It is human nature to want to act. Fight on the run, as the old saying goes. So the idea of sitting idly by and doing nothing seems counterproductive. But buy-and-hold has been one of the best long-term investment strategies by far.
However, there are plenty of other ways to take action with your money that are outside the realm of investing. Here are three financial planning power moves you can take to better prepare for a prolonged bear market.
1. Make sure you have enough emergency funds
An emergency fund is a liquid store of value that can be used to pay for unexpected expenses. These expenses may be unknown, but are often medical emergencies, home or auto repairs, or supplemental income while out of work.
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There are different schools of thought on the optimal size of an emergency fund. Some say three to six months of fees. Others say three to six months of income. But the safest option is six months of income. Remember, emergency funds refer to cash and cash equivalents, so selling stocks and cryptocurrencies to pay for emergencies does not count.
There are many benefits to having a large emergency fund. During a bear market or recession, these benefits are magnified.Psychologically, an emergency fund can reduce the pressure on asset prices to fall because you don’t have to worry about having to sell things like amazon, A 40% drop from an all-time high just to cover unexpected expenses. If someone is fully invested, they are vulnerable to unexpected risks and may feel even more nervous about falling stock prices because there is little room for error. An emergency fund takes away a lot of worries.
2. Create a financial plan
An adequate emergency fund can be an important part of financial planning. Bear markets are the perfect time to revisit your financial plans. One of the biggest mistakes investors make is setting the wrong allocation or mismanaging position weights. Poor allocation and weight management can lead to unintentionally amplified losses. By developing a financial plan, investors can ensure that they are investing the right amount in the right bucket without exposing themselves to unnecessary risk.
On the other hand, you may find that you are actually taking too little risk, and may even have excess cash for work when the market is low. After all, a dollar invested during a bear market tends to go further. So making sure you can take the right amount of risk can be a great way to unlock the hidden value in your financial plan.
3. Increase your savings rate
A key part of every financial plan is the savings rate — including retirement and general brokerage accounts. By spending less and increasing your savings rate, you can increase your financial planning flexibility and even free up more purchasing power to put to work when the stock value is relatively low.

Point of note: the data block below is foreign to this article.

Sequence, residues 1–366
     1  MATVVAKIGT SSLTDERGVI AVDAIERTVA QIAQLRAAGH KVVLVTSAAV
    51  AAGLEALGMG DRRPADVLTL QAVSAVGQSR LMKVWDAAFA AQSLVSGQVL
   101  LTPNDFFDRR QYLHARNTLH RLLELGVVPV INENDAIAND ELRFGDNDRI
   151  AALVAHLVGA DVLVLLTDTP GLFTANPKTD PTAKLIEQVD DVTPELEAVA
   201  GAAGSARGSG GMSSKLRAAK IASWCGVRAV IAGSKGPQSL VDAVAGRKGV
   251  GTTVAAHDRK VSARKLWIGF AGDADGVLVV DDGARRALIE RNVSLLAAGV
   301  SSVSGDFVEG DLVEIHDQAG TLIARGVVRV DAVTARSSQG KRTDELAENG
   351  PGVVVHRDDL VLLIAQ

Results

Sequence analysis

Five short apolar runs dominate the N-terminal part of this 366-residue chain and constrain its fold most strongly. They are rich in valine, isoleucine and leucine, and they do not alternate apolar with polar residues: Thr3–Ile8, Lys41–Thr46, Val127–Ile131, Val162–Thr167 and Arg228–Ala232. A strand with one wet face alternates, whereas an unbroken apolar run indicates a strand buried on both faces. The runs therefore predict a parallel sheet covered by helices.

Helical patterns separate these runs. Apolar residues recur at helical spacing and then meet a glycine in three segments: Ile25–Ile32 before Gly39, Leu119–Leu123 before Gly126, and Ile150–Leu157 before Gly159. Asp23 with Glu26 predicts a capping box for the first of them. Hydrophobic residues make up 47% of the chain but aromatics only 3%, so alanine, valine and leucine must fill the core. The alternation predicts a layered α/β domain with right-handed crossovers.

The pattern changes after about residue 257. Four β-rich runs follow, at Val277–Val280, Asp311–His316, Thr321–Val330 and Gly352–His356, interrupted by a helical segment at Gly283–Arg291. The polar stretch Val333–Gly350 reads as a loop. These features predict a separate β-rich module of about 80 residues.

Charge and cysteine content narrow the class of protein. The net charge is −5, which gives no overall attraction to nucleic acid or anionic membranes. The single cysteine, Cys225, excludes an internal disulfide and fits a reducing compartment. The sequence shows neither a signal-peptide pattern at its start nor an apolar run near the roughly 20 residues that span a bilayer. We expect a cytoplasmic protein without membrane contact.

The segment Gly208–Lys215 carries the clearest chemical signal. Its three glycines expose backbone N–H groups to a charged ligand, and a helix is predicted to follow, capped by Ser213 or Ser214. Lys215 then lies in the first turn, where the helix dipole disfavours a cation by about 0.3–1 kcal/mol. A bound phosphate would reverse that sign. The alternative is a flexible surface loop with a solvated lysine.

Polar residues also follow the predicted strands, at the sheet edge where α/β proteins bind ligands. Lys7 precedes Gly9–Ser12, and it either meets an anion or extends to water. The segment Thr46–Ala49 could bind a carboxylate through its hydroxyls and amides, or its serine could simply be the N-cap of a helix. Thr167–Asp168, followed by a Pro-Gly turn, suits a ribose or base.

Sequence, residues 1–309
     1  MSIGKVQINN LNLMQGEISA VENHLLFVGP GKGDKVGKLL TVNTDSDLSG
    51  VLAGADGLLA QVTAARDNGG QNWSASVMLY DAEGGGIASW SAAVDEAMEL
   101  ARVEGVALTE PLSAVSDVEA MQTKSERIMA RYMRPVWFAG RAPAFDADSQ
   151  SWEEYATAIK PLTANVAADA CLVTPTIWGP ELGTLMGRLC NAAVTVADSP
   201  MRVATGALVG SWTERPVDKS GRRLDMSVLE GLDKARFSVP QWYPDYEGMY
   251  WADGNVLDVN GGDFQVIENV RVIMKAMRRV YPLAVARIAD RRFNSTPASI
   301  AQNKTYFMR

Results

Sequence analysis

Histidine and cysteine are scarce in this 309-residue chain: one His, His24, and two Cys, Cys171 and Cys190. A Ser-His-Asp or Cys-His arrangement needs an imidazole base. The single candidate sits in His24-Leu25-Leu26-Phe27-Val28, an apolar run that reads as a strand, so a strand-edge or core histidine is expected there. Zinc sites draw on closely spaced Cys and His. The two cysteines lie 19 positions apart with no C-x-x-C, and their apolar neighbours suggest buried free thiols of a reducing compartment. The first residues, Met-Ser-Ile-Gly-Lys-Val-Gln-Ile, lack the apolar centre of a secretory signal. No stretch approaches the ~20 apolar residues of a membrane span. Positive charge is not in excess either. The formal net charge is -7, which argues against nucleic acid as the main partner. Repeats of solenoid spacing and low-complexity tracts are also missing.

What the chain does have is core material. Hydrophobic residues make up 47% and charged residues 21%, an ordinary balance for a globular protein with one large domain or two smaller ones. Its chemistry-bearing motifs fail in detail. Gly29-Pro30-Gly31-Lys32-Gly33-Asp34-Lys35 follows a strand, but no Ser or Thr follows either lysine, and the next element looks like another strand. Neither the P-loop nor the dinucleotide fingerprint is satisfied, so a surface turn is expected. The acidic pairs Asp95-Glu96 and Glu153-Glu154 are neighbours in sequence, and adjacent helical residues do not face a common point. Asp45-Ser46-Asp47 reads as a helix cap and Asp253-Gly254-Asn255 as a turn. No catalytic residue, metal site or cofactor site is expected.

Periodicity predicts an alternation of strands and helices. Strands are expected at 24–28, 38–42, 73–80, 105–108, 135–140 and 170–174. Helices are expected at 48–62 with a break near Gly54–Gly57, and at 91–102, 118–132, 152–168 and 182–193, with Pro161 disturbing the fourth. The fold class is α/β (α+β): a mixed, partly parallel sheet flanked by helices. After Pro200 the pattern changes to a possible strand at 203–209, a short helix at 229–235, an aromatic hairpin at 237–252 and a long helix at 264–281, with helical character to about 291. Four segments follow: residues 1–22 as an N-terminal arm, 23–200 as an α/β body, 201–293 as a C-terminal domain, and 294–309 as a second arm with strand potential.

Besides cutting expenses, another great way to boost your savings rate is to take a side hustle. This isn’t for everyone. But especially for those with fewer responsibilities and slightly more free time, a side hustle can be a great way to develop skills, learn new things, and increase your income, which can be deployed opportunistically in a bear market.
It’s important not to confuse market timing when raising the savings rate. Market timing is actively trying to buy stocks low and sell high. Increasing your savings rate is all about spending less or increasing your income so you can buy more stock in your favorite companies. In other words, it’s just delaying gratification and recognizing that buying during a bear market is a good idea.
Take control of your finances
Relieving market jitters by creating a financial plan or starting a side hustle may be a better use of jittery energy than tinkering with your stock portfolio too much. For stocks that have fallen sharply, time is the best remedy. While it may be tempting to sell everything and walk away, selling in a bear market has always been one of the worst decisions an investor can make.
That being said, it’s easy to feel helpless during a stock market sell-off, so finding ways to strengthen your financial health is key. Building a sizable emergency fund, fine-tuning your financial plan, and increasing your savings rate are three ways you can take more control of your finances and set yourself up for future success.
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John Mackey, chief executive of Amazon subsidiary Whole Foods Market, sits on The Motley Fool’s board. Daniel Foelber has no positions in any of the above stocks. The Motley Fool has jobs on Amazon and recommends Amazon. The Motley Fool has a disclosure policy.